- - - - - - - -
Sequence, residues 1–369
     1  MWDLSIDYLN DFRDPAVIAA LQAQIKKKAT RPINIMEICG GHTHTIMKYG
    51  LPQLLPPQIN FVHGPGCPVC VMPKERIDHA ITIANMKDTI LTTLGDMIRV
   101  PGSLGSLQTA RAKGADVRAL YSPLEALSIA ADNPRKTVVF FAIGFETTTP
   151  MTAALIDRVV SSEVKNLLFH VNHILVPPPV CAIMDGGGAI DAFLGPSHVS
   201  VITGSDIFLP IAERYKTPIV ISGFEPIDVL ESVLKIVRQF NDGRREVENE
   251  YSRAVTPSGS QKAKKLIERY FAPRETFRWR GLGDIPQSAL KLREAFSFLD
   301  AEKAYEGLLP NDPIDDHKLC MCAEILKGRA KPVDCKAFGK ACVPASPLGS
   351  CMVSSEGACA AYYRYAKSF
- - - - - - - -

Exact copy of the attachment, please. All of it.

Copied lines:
Sequence, residues 1–369
     1  MWDLSIDYLN DFRDPAVIAA LQAQIKKKAT RPINIMEICG GHTHTIMKYG
    51  LPQLLPPQIN FVHGPGCPVC VMPKERIDHA ITIANMKDTI LTTLGDMIRV
   101  PGSLGSLQTA RAKGADVRAL YSPLEALSIA ADNPRKTVVF FAIGFETTTP
   151  MTAALIDRVV SSEVKNLLFH VNHILVPPPV CAIMDGGGAI DAFLGPSHVS
   201  VITGSDIFLP IAERYKTPIV ISGFEPIDVL ESVLKIVRQF NDGRREVENE
   251  YSRAVTPSGS QKAKKLIERY FAPRETFRWR GLGDIPQSAL KLREAFSFLD
   301  AEKAYEGLLP NDPIDDHKLC MCAEILKGRA KPVDCKAFGK ACVPASPLGS
   351  CMVSSEGACA AYYRYAKSF